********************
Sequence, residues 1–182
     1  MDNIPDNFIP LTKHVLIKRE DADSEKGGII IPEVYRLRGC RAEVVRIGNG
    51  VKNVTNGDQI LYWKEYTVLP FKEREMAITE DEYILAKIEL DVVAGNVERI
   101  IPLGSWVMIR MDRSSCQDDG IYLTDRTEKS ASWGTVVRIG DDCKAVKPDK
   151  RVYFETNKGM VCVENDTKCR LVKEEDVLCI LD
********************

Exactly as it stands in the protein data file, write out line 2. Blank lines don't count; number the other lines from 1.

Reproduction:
     1  MDNIPDNFIP LTKHVLIKRE DADSEKGGII IPEVYRLRGC RAEVVRIGNG